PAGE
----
The fate of the Republic of Estonia before the World War II was decided by the German-Soviet Nonaggression Pact of August 1939 after Stalin gained Hitler's agreement to divide Eastern Europe into "spheres of special interest" according to the Molotov-Ribbentrop Pact and its Secret Additional Protocol. O'Connor, Kevin. "The History of the Baltic States". ISBN 0313323550 The Estonian government was forced to give their assent to an agreement which allowed the USSRmarker to establish military bases and station 25,000 troops on Estonian soil for "mutual defence". On 12 June 1940, the order for a total military blockade on Estonia was given to the Soviet Baltic Fleet. Given the overwhelming Soviet force, in order to avoid bloodshed and open war, on 17 June 1940 the Estonian government decided not to resist. The military occupation of Estonia was complete by 21 June 1940. The armed forces of Estonia were disarmed in July 1940 by the Red Army according to the Sovietmarker orders. Only the Estonian Independent Signal Battalion stationed in Tallinnmarker at Raua Street continued to resist. As the Red Army brought in additional reinforcements supported by six armoured fighting vehicles, the battle lasted several hours until sundown. There was one dead, several wounded on the Estonian side and about 10 killed and more wounded on the Soviet side. The military resistance was ended with negotiations and the Signal Battalion surrendered and was disarmed.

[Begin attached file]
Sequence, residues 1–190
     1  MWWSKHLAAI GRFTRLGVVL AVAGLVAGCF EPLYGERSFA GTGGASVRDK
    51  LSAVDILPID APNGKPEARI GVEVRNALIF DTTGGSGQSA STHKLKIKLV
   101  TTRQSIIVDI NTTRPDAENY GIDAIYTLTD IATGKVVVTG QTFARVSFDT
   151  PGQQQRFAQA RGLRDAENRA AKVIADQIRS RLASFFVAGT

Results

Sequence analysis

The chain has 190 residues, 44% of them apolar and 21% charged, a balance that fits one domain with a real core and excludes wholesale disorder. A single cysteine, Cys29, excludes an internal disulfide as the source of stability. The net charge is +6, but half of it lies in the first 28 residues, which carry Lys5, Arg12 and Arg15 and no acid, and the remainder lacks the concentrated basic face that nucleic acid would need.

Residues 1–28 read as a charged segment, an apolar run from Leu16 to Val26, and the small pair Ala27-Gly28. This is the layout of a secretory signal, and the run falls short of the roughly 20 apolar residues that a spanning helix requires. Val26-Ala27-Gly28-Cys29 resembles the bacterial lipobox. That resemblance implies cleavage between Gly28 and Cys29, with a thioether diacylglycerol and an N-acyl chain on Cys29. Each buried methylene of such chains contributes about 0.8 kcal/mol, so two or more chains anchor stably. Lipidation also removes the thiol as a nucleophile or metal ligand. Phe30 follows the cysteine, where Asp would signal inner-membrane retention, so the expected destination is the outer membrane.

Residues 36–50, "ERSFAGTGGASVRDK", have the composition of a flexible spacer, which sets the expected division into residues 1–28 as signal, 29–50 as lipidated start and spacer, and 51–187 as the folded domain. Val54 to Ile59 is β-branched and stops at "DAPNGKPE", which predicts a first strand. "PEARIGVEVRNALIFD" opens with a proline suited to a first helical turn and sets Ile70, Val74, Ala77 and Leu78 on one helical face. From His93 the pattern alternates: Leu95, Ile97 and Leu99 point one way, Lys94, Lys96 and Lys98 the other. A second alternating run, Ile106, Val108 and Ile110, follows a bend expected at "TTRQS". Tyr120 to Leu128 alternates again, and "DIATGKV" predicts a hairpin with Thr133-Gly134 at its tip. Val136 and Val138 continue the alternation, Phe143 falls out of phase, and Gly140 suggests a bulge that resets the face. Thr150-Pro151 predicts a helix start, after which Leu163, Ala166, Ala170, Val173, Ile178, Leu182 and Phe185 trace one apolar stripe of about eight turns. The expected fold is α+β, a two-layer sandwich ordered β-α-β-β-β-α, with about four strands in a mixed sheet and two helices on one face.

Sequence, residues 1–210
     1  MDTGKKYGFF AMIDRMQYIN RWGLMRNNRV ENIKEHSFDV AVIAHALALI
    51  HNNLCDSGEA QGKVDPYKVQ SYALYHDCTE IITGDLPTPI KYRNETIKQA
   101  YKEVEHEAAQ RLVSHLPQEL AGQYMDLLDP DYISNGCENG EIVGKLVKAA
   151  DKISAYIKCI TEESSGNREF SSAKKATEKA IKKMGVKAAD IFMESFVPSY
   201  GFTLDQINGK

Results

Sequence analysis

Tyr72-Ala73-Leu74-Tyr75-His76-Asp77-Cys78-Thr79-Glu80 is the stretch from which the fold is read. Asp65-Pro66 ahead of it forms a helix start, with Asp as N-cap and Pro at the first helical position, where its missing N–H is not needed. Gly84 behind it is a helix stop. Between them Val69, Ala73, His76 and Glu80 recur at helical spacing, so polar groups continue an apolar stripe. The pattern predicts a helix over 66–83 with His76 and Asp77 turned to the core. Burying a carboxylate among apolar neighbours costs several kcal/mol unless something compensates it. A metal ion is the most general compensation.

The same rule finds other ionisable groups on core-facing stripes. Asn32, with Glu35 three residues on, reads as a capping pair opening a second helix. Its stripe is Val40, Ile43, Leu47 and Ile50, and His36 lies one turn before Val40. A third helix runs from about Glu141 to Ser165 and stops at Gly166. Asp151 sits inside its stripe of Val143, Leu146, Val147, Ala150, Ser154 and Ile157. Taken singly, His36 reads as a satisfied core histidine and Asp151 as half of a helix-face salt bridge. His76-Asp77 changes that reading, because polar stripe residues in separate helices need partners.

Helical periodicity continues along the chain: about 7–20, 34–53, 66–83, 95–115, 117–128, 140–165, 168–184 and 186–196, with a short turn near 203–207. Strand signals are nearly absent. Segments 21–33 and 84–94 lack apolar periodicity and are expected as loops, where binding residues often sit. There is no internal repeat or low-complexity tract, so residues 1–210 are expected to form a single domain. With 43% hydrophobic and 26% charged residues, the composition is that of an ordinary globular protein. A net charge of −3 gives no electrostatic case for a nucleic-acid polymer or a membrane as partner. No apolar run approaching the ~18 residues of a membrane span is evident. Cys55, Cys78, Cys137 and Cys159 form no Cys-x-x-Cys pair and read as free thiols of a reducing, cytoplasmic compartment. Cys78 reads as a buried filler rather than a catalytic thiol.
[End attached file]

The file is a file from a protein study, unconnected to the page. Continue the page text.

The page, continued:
The entire Estonian army became part of the Red Army, even retaining its uniform and most of the officers (including the supreme commander).

The Eesti Kaitsevägi was restored on 3 September 1991 by the Supreme Council of the Republic of Estoniamarker. Since 1991, the armed forces of Estonia have re-opened and restored more than 30 old and new units and several army branches.

Structure

Its main goals remain the development and maintenance of a credible capability to defend the nation's vital interests and development of the EDF in a way that ensures their interoperability with the armed forces of NATOmarker and EU member states and their capability to participate in the full range of Alliance missions.

In peacetime the main tasks of EDF are to monitor and maintain control over territorial borders and airspace, maintain combat readiness, train conscripts and develop reserve units, participate in NATO and UN-led international missions, and provide assistance to civilian authorities in case of national emergency.

In crises the main tasks of EDF are to increase the readiness levels of units as required, prepare for transition to wartime structure and begin mobilization as ordered, integrate units from other ministries, and prepare for assistance from and reception of friendly forces.

In wartime the main tasks of EDF are to defend the territorial integrity of the state, to facilitate the arrival and deployment of forces from other countries and co-operate with them, to maintain control over national airspace and facilitate the air defence of strategic assets in co-operation with forces from other countries.

Headquarters and budget